As I sit here and write this week’s essay, I’m sitting in the shade of my outdoor lounge area by the pool. Yeah, nice, and relaxing and a million miles from where my mind has taken me today…
It’s morning, but already one of those days where the wind is already hot and gusty. My senses have brought me back to my adolescent years when I worked on local farms during the summers.
Three things came to mind – heat, dust, and the constant smell of diesel fuel.
I grew up in a small rural community in Australia where the land is relatively flat, dry and drought prone.
The farms mostly produce wheat, oats, and barley. Although on the farm I worked we also had sheep, prize bulls and horses.
Summers were hot, dry and dusty. As you can imagine, once the crops were taken off the land became a bit of a dust bowl anytime the wind picked up, which was quite often.
We had days and sometimes weeks on end when the temperature gauge would hover in the 30’s and low 40’s (Celsius).
However, the worst days were when it was hot but also had a strong north wind blowing bringing the heat and dust out of the western and northern deserts.
Days like this began innocently enough with a clear sky and slight breeze, but by mid-morning the wind would strengthen.
By early afternoon the sky would turn a dirty shade of grey-brown and become dark and menacing. The air thick and suffocatingly hot, like a blast furnace…
The thing that lingered on everyone’s mind was the threat of bushfires.
This meant potentially death and destruction on a massive scale. It was days like this that our community held its collective breath.
If you’ve experienced a bushfire firsthand, then you’ll also know that they roar like a jet engine.
In fact, it roars with such ferocity that it’s difficult to hear, but worst of all is to see it roll across open farmland at speeds of up to 60 kms per hour incinerating everything in its path within seconds.
The core of the fireball within a bushfire can reach over 1100 C (2012 F).
I remember seeing road signs melted as if they were icing on a cake, literally just a puddle of metal after the bushfire had rolled over it…
The worst though was when animals had been trapped and burned, some caught out in the open, others caught by fences or stuck in trees.
Some clung to life although horribly burned, these are the ones that had to be put down…
Such devastating images, both to see the cruelly burned animals but also for the distraught farmers who had to put them down to stop their suffering.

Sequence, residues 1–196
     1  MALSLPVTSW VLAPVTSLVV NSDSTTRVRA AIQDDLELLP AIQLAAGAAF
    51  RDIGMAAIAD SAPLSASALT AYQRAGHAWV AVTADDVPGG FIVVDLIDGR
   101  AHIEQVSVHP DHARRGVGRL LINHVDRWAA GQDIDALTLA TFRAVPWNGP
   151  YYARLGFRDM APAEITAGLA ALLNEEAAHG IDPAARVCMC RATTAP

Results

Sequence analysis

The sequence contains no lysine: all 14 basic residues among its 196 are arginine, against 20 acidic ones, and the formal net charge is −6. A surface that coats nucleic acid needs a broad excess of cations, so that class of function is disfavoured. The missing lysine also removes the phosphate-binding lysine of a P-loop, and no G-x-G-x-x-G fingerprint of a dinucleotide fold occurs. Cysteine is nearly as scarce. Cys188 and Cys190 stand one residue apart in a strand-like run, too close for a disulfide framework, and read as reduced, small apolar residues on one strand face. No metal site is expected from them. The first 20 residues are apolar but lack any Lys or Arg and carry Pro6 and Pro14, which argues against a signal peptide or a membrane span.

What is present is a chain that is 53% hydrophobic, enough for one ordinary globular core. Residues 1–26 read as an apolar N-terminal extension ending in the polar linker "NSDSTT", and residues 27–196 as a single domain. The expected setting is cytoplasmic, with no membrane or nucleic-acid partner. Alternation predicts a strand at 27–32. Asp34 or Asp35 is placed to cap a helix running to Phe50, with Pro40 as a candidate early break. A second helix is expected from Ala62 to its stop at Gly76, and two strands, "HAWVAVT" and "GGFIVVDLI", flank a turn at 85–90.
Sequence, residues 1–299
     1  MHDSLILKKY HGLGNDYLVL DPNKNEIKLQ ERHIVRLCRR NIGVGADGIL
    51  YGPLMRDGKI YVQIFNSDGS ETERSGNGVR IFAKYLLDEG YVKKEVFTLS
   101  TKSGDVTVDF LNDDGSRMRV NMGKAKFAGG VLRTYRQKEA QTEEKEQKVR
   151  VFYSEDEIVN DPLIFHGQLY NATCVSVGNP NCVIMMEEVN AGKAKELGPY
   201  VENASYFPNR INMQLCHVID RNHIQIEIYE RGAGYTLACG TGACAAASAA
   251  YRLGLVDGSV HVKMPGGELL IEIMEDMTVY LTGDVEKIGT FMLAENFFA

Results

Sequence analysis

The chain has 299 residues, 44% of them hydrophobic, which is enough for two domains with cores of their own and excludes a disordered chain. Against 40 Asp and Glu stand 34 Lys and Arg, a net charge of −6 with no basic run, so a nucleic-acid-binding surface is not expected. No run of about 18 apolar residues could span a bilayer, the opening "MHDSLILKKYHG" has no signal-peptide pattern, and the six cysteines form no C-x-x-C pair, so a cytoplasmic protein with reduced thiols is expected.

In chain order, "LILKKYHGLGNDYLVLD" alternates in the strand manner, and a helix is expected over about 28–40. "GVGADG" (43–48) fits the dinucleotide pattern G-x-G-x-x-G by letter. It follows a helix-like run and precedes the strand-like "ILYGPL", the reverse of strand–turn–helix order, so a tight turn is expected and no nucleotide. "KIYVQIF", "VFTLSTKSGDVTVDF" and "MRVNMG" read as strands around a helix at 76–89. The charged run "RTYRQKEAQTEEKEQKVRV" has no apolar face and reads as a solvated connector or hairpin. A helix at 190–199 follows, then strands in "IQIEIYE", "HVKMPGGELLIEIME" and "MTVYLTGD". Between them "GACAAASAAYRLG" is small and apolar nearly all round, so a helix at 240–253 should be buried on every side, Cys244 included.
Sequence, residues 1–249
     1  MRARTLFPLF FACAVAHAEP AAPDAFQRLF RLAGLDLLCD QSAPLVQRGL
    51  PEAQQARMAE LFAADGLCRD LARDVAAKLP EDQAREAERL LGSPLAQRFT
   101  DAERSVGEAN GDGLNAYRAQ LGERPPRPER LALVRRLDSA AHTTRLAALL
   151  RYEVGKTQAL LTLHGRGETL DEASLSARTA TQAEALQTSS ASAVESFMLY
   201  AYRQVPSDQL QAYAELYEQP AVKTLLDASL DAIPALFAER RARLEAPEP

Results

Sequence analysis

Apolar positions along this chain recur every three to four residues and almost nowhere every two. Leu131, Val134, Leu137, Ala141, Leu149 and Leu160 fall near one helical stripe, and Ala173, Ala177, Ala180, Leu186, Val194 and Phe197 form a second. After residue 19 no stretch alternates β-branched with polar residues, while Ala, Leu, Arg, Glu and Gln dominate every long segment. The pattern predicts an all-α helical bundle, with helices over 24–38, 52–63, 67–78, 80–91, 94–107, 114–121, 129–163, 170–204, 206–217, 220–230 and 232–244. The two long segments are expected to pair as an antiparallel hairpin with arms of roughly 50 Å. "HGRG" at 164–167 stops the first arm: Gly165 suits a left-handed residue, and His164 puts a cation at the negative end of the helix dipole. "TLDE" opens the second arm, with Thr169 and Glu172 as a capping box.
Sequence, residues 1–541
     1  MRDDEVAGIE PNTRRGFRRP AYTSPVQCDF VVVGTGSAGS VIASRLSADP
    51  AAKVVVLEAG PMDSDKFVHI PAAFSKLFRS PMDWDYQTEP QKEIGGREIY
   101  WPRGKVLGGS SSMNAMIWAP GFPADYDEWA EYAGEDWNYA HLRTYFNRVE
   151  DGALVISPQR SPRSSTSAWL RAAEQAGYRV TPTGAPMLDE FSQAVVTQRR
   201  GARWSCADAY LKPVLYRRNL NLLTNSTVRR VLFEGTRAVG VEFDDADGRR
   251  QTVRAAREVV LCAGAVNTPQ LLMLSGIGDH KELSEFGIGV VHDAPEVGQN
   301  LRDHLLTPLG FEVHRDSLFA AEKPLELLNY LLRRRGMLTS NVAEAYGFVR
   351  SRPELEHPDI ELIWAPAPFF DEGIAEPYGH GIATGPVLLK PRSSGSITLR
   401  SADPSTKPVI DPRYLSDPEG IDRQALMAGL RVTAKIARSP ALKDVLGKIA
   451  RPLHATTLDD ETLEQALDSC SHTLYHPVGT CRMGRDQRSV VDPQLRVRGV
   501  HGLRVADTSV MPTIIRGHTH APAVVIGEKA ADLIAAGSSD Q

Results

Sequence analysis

Unfortunately, I was a witness to these scenes on more than one occasion.
Growing up in a small rural community we were all expected to become volunteer firefighters once we turned 16. We’d train Sunday mornings at the fire station, but to say it was rather rudimentary in those days would be a huge understatement.
Thank goodness the Country Fire Authority (CFA) has been restructured and formalized since those days with a huge emphasis on equipment and training to support these small communities.
Trust me there is nothing more eerie that hearing the fire siren (WWII air raid siren) start to wail which you could hear all over town and knowing that you had to get down to the fire station as quickly as possible. Who knew what lay before us?
Was it the fear of the unknown or the adrenaline rush that made my heart jump?
All I know is that I was scared shitless every time I heard that mournful siren wail…
Along with these memories this morning came the almost palpable smell of diesel fuel. Most of the farm equipment – trucks, tractors and combine harvesters are run on diesel which has such a distinctive smell.
Isn’t it fascinating how a single memory can churn up such a breadth of interrelated memories?
My senses are often triggered by my sense of smell, and vice versa. Once a memory surfaces my senses kick into high gear… ❤️
During my time on the farm, it felt like I was always driving a vehicle of some variety.
Whether it be feeding animals in far flung paddocks, cutting and baling grass, taking off the crops with a combine harvester or transporting grain to the local silos there was always a never-ending list of jobs to do.
My days on the farm were instructive in that it I soon learned that seasonal farm work was often monotonous and repetitive.
However, overall, it was helpful in helping me decide what I wanted to do with my life.
Not only was a great experience but it taught me valuable skills and most importantly helped me understand the pains of hard manual labour.
It’s definitely been a solid foundation for life!
Until next week